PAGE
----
Grigoriadou, N. Krigas, V. Sarropoulou, K. Papanastasi, G. Tsoktouridis, E. Maloupa. In vitro propagation of medicinal and aromatic plants: the case of selected Greek species with conservation priority. In Vitro Cellular & Developmental Biology – Plant, 55:635-646, 2019.

New Generation Benzimidazole Based Plasmid Delivery Reagents with High Transfection Efficiencies on the Mammalian Cells

Current members of the Immunotechnology laboratory at Mersin University, Turkey. PI: Dr. Furkan Ayaz (L), Lab manager: MSc Serra Kuzay (R). We would like to thank our master graduates Qadar Ahmed Isse and Rusmeenee Kheeree for their valuable contributions to our other research studies.

Genetic engineering has paved new venues for biotechnology studies. It enables mass production of biological molecules that can either be used in medicine or industry. We utilize from bacterial plasmids and pieces of mammalian DNA incorporated into them during these processes but there is also another essential element in the picture: a transfection agent! From insulin production to gene therapy methods there has to be an efficient gene or plasmid delivery agent that can carry the genetic material into the mammalian cells. Carrying the package does not complete the job, these agents should also be able to release the piece of gene or plasmid that they interact with, inside the cell so that it can be incorporated into the genome and expressed by the cells. In our study, we selected a set of molecules (benzimidazoles) that are well known for their abilities to interact with DNA. In order to increase their efficiencies LogP values of the candidates were kept high and they had some chemical differences in their structures to observe the structure activity relationship while deciphering the most active compounds in terms of gene delivery (transfection) efficiencies to the mammalian cells in vitro.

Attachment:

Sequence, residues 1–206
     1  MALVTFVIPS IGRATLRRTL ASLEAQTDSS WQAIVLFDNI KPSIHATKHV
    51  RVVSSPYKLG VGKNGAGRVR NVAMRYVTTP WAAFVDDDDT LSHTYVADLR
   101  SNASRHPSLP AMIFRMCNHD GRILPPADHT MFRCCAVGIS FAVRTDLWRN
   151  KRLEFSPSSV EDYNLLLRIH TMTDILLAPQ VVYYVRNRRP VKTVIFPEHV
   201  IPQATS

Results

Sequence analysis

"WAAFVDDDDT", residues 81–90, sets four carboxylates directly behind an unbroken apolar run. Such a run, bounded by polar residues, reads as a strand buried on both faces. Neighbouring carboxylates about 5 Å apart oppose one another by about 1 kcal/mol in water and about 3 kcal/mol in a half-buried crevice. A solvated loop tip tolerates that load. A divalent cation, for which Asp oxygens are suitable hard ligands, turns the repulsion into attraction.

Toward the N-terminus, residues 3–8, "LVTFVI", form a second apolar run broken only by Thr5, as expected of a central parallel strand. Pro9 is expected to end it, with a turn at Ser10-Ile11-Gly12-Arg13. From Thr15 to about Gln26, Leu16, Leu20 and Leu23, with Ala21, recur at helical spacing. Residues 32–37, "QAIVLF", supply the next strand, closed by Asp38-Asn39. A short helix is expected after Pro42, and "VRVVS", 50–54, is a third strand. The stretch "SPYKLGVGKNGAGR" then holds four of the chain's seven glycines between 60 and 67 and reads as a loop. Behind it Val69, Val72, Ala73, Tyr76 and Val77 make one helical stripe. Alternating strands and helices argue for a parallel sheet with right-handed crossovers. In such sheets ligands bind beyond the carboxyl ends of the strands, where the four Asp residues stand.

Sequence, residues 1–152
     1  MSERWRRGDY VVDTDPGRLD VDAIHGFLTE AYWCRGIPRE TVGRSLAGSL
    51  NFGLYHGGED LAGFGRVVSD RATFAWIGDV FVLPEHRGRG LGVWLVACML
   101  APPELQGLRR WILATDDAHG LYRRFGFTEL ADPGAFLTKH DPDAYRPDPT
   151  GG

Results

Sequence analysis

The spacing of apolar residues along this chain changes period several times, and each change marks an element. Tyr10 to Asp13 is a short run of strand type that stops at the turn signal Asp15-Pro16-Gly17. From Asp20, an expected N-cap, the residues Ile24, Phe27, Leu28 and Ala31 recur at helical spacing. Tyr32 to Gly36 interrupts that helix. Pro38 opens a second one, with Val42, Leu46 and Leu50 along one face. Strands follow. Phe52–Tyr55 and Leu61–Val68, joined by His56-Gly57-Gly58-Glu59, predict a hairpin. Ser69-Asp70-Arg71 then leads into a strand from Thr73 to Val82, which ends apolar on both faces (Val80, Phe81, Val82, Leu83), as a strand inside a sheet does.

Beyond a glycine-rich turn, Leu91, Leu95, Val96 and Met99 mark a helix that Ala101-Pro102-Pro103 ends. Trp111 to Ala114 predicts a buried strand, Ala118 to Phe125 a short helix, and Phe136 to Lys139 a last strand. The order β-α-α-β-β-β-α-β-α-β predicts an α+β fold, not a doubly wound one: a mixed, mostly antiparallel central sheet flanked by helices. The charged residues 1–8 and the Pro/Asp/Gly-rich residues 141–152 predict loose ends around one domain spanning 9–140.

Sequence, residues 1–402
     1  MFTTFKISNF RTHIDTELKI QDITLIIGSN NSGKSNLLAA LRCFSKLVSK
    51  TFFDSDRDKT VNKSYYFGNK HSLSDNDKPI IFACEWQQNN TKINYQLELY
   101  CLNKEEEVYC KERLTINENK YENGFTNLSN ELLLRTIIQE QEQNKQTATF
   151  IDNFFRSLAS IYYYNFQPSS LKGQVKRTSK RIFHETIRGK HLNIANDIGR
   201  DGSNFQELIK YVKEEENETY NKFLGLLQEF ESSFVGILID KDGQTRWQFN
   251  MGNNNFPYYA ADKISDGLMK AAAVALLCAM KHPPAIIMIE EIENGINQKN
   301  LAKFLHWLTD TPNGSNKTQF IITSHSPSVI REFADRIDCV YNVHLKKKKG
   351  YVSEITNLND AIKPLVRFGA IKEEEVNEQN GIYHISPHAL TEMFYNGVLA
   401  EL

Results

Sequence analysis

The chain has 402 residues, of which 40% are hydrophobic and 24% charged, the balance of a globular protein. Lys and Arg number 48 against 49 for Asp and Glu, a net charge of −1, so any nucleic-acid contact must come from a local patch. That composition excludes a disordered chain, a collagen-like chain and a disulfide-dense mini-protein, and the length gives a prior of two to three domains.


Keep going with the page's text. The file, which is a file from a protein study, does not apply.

We used a commercially available transfection agent that is mostly used in molecular and cellular biology studies and compared our products with the optimal protocol that they suggest to prevent any bias. The transfection efficiencies were measured by determining the GFP expression levels after delivering a GFP expressing plasmid in the mammalian cells. Based on our results, we can claim that we created new generation transfection agents that had superior activity than that of the commercially available popular one. The cytotoxicities of our compounds were minimal and they have high potential to be utilized in the field of biotechnology for transfection of the mammalian cells. In our current research, we are increasing the span of our library with similar molecules while further examining their intracellular journey. In our future studies, we are also aiming to test them for gene therapy purposes especially with a focus on cystic fibrosis disease model in mice.   

Furkan Ayaz, Ronak Haj Ersan, Burak Kuzu, Oztekin Algul.  New-generation benzimidazole-based plasmid delivery reagents with high transfection efficiencies on the mammalian cells. In Vitro Cellular & Developmental Biology – Animal, 56:34-41, 2020